Les Nubians

Nu Revolution

Les Nubians‘ third album (and first in eight years) opens with a Cameroonian drum circle weaving an accelerating rhythmic web. The disc’s only instrumental track nicely sets the tone for Helene and Celia Faussart, the Paris-born daughters of a French father and Cameroonian mother, to explore in soothing harmonies a wealth of sounds stemming from the African diaspora. The Nubian songbirds go it alone for “Je M’en Occupe,” a French-language a cappella ode in which they overdub their voices melodically and percussively to create a mesmerizing blend reminiscent of Zap Mama. A variety of instruments and voices — live, synthesized, and sampled — and guests including neo-soul singer Eric Roberson, the South African band Freshlyground, and rappers Blitz the Ambassador and John Banzai join Les Nubians on other numbers. The ballads “Vogue Navire” and “Femme Polyandre,” both with smooth-jazz backing and a Sade-like vibe, should find favor with fans of the duo’s earlier recordings.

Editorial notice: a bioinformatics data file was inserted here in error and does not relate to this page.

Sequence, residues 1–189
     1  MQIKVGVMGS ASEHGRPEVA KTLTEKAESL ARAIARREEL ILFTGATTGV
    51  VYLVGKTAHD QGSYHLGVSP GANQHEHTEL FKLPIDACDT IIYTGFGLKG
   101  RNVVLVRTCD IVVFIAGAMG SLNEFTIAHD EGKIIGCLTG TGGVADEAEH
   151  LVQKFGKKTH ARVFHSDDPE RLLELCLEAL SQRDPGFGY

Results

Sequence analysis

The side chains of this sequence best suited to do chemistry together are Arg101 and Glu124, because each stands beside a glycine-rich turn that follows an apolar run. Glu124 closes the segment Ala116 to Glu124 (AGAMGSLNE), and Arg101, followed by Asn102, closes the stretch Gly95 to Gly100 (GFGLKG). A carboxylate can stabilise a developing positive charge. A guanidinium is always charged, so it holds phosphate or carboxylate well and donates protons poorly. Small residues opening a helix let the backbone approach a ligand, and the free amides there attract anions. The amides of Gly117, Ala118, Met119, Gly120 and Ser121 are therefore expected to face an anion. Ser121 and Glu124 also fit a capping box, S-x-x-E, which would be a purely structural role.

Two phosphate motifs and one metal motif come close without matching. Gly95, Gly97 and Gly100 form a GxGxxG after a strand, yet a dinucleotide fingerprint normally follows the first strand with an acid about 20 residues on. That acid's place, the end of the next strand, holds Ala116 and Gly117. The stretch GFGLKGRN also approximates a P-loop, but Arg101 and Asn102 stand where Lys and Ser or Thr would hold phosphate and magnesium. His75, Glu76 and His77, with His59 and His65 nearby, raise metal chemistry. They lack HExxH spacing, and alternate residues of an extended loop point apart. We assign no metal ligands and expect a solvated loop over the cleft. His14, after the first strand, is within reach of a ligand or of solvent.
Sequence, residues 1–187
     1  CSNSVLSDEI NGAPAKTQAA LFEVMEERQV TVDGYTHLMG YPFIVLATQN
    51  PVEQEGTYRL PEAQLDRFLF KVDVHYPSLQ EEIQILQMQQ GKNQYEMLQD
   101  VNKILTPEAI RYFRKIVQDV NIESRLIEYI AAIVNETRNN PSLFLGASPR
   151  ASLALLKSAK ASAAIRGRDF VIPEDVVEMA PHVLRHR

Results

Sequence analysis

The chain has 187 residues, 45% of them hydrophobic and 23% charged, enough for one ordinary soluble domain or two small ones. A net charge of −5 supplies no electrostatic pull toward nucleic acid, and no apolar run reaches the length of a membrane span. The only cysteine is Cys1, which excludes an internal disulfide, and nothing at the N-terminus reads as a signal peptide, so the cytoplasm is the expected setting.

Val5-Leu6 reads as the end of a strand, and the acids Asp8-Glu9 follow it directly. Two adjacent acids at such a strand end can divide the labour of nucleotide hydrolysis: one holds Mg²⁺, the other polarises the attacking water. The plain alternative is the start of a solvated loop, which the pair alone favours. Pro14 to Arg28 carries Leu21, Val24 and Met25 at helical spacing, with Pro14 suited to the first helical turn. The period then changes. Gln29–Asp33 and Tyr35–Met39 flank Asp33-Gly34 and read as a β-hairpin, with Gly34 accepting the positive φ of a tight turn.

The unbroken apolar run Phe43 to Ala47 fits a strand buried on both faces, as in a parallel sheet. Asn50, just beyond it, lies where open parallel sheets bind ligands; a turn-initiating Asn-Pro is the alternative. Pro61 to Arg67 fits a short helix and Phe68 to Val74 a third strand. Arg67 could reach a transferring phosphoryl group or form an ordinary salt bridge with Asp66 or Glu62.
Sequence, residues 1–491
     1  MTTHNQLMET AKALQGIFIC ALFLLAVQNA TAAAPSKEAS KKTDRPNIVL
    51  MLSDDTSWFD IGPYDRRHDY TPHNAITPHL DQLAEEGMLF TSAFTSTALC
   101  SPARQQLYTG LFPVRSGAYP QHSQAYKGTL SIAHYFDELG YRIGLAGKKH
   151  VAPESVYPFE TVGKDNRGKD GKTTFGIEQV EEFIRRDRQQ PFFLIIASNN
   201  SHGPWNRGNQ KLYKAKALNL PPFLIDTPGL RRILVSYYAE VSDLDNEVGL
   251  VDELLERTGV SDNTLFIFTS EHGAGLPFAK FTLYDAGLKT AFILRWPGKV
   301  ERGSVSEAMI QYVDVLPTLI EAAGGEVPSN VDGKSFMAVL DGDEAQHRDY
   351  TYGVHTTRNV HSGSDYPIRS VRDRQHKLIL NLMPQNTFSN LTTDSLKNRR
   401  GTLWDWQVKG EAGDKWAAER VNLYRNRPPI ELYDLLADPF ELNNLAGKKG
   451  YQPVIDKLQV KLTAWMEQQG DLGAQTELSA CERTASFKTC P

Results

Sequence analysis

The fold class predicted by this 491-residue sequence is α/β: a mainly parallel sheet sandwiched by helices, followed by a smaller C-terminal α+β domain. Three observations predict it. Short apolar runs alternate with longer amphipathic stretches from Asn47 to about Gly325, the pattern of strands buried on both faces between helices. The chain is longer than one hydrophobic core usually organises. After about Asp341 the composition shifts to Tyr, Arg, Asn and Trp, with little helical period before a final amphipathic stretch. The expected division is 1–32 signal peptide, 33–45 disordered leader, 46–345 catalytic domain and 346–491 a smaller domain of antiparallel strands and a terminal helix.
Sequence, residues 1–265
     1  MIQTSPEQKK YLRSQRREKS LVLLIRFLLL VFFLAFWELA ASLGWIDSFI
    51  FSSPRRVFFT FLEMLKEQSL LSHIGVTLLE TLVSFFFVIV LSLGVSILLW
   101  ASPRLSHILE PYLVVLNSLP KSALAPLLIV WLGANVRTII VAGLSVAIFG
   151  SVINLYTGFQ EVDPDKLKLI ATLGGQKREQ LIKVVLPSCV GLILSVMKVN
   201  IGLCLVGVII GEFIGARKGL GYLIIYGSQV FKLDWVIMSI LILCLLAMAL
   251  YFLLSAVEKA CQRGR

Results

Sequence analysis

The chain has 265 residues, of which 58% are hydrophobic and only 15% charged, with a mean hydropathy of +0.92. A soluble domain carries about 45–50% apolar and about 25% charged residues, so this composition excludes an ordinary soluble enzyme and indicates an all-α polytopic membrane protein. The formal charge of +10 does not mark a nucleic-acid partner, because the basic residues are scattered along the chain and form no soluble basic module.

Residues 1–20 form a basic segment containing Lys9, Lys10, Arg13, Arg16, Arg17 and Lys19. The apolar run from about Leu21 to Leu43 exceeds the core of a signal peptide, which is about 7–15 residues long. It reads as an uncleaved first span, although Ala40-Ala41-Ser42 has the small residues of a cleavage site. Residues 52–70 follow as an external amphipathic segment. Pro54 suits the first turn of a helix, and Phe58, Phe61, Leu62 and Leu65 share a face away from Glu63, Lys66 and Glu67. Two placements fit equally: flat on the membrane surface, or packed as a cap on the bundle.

Many songs were made with the dance floor in mind. Move your body, the sisters sing in English over an up-tempo, incessantly syncopated, drum-machine-driven makossa groove on “Africa for the Future.” And on “Nu Soul Makossa” — with help from Manu Dibango, the Cameroonian saxophonist whose fluke 1972 hit “Soul Makossa” helped launch the disco craze that kept much of the world dancing for the remainder of that decade — they bring the intercultural musical exchange between Africa, Europe, and the Americans full circle. (Shanachie)


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